Skip to main content

Days of Democracy

January 20, 2022 4 min read
The United States Supreme Court

The month of January is characterized by the end of the Christmas season, the beginning of a new year, and – in many places – a resignation toward the cold of winter. The closing weeks of January are also marked by days of national significance. Many of these days coalesce around the democratic notion in our country that all men and women have been endowed by their Creator with certain unalienable rights to life, liberty, and the pursuit of happiness. At the same time, the anniversary of Roe v. Wade falls in the midst of these weeks, reminding us of the work that remains before us to ensure that the rights of all people are upheld.

For people of color, unborn people, Catholic immigrants of yesterday and today, and those whose firmly held convictions don’t conform to the status quo, the aspiration of the Declaration written by a famed slave-holder still calls us on to a messy but real hope that somehow divine and secular forces could coalesce around a basic agreement on the dignity of each human person. Such is the hope.

These days offer us reasons to hope while spurring us on to greater self-examination, for as the Founders noted, a democracy is only as solid as the virtue of its citizenry. Let us march together for life and dignity, humbly acknowledging our own need to grow and our own responsibility to work.

As many prepare to travel to Washington, DC, to participate in the annual March for Life, they do so with a glimmer of hope for a reversal of Roe v. Wade through this year’s Dobbs v. Jackson Women’s Health Organization. As we await that decision, some have begun to ask: Will this year’s January March for Life be the last? Will future marches be scheduled in thanksgiving, commemorating a yet-to-be-written Supreme Court decision?

The Supreme Court's decision in Dobbs v. Jackson Women's Health Organization could place decisions concerning the legality of abortion in the hands of the states. The National Catholic Register offers a map and state-by-state analysis explaining what the future landscape could look like.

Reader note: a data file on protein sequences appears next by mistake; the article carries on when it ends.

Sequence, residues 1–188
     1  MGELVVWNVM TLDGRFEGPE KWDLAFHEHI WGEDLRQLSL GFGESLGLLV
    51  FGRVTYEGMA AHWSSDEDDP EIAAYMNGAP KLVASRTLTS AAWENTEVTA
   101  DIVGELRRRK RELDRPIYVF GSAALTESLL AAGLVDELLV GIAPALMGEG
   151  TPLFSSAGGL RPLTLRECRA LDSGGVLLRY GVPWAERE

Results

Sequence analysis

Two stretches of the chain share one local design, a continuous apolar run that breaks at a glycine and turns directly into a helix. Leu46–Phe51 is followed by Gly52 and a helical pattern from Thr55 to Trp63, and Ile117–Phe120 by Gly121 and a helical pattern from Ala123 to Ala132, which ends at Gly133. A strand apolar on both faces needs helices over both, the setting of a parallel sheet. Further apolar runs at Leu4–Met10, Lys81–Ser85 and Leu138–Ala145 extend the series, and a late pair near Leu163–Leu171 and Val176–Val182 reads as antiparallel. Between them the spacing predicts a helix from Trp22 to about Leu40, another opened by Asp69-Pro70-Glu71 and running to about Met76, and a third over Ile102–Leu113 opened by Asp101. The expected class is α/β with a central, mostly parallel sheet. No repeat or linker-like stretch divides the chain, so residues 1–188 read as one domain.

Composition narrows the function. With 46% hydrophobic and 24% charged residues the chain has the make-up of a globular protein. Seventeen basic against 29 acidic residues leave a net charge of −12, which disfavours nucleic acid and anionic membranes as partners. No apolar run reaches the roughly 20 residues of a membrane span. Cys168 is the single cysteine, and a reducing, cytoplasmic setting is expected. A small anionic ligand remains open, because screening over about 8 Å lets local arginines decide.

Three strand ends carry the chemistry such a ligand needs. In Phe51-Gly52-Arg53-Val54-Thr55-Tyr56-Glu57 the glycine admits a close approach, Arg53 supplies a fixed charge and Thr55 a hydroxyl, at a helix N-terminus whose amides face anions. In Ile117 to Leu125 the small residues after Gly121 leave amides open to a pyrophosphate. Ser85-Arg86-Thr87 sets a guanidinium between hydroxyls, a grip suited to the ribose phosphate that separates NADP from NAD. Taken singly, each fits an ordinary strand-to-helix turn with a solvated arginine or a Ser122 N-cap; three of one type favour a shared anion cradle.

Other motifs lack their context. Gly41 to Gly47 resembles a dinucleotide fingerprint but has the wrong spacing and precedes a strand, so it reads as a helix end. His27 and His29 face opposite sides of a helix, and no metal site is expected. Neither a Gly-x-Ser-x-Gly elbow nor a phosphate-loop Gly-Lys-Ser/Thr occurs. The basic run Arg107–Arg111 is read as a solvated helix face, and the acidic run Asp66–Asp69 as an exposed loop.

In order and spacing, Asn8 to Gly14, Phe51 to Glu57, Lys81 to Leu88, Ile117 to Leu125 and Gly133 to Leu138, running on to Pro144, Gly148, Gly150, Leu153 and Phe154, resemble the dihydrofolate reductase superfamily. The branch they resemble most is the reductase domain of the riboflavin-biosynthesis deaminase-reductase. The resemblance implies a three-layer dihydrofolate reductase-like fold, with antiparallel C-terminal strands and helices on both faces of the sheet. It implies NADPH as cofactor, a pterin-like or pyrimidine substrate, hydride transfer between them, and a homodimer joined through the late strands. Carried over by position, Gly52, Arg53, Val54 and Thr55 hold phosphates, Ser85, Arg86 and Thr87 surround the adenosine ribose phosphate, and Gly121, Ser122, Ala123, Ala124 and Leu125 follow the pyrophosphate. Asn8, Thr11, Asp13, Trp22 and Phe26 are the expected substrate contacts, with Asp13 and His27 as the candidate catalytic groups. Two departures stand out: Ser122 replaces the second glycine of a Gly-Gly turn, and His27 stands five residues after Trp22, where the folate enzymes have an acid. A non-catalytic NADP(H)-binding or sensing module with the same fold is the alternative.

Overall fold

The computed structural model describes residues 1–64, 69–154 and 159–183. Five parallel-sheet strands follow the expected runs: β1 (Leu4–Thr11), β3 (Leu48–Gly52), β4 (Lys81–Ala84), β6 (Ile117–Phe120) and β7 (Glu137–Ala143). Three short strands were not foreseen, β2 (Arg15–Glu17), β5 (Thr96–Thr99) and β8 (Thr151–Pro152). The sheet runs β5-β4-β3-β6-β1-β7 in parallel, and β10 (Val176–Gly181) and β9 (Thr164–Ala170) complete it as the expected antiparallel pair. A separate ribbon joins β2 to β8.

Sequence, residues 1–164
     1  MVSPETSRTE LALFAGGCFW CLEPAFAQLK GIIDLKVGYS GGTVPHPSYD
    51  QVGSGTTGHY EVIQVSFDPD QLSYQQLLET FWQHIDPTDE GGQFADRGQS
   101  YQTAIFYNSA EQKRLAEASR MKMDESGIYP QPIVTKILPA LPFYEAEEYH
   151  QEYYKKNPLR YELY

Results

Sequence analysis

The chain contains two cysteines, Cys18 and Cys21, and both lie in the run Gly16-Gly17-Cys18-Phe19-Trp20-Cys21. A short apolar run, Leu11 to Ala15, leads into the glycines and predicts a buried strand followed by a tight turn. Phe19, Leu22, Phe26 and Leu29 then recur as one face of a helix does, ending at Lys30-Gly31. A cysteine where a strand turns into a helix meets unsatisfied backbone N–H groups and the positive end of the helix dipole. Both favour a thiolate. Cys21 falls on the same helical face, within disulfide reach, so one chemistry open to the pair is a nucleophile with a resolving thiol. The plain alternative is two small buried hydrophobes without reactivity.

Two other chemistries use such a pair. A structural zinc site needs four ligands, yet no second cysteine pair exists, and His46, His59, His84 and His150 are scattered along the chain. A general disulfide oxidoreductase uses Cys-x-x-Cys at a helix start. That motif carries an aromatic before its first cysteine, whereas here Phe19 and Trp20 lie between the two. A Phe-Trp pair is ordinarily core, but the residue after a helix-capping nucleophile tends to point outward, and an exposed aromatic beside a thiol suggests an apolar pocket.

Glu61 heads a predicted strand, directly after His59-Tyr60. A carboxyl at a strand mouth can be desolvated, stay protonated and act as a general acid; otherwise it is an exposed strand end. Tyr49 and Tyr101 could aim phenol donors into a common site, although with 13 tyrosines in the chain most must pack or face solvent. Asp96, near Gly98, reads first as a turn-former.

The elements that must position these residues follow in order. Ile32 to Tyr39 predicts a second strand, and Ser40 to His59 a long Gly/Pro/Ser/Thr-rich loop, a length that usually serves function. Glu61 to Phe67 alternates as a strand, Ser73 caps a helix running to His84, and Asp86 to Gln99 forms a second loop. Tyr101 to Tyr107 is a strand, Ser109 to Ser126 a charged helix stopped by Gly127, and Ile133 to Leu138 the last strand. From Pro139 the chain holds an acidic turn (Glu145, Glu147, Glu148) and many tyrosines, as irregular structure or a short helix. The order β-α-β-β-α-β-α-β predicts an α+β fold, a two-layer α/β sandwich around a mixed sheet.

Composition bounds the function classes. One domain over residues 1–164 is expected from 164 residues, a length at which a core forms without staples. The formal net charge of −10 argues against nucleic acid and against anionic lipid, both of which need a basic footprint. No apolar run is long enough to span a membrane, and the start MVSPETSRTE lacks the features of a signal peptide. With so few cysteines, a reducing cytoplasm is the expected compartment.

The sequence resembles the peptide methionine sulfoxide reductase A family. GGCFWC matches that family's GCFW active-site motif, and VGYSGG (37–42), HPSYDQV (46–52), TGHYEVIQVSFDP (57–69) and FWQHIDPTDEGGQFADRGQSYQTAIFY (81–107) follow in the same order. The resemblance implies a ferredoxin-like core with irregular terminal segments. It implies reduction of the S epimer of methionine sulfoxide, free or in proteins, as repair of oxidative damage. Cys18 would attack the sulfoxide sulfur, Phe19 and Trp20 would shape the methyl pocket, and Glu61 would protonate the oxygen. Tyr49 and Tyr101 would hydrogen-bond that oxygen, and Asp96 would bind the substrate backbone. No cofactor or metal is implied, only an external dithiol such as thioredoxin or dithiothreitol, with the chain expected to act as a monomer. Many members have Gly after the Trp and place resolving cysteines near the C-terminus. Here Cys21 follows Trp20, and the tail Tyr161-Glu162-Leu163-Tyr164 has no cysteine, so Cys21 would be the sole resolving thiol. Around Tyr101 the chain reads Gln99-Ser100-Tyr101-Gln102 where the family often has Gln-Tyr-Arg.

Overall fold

With the hope of a reversal in mind, George Weigel argues that in a post-Roe America, the March for Life would be as important as ever – and perhaps even more so.

Are you headed to the March for Life? Catholic News Agency has supplied a helpful guide for navigating everything from restrooms to restaurants.

The Catholic bishops of Bismarck and Fargo have expressed opposition to a proposed gender inclusion policy at the University of North Dakota that would require all faculty, staff, students, and visitors to utilize preferred pronouns and affirm chosen gender identities. According to the policy as drafted, exemptions would not be available to student organizations, and those who violate it would risk expulsion, firing, or being removed from campus. This raises a question: can compelled speech co-exist with the freedom of speech?

In response to several widely-distributed articles espousing a cynical view of marriage, Jackie Francois Angel reflects on how the sacrament of marriage can truly be a foretaste of heaven, even if it can “hurt like hell in the process.”

While birth rates across the Western world were already declining, the tumults of the last several years have only added to many people’s hesitancy toward having children. A millennial mother of two explains why she isn’t afraid to bring more children into a broken world.

While not surprising, the numbers are concerning: people spend on average one-third of their waking hours on their smartphones (and tips on how to stop “doom scrolling”).

An adult convert from atheism shares his testimony with Pope Francis – a testimony that speaks to finding the Lord in the midst of despair and abandonment.

The Director of the Vatican Observatory contextualizes and questions the use of the phrase, “trust the science.”

The Supreme Court of Pakistan grants bail to Nadeem Samson, a Catholic accused of insulting the Muslim Prophet Muhammad – a crime punishable by death. Samson’s supporters claim the accusations against him are false.

For millennia, people slept in two shifts each night with an extended period of wakefulness and activity in between. How did that arise – and why did it disappear?

The First Draught | Subscribe now to get the best of Prime Matters

The First Draught

To receive the Weekly Update in your inbox every week, along with our weekly Lectio Brevis providing insights into upcoming Mass readings, subscribe to The First Draught.

The First Draught
The Cologne Cathedral

Cologne Cathedral

Home to the relics of the Magi, the Cologne Cathedral - whose construction lasted for 632 years - has drawn pilgrims since its cornerstone was placed in 1248.

Cologne Cathedral

Recent Updates

Hong Kong

A Timely Letter to Mr. Diognetus

Learn more about A Timely Letter to Mr. Diognetus
Greek columns

Classical Education and Priestly Formation

Learn more about Classical Education and Priestly Formation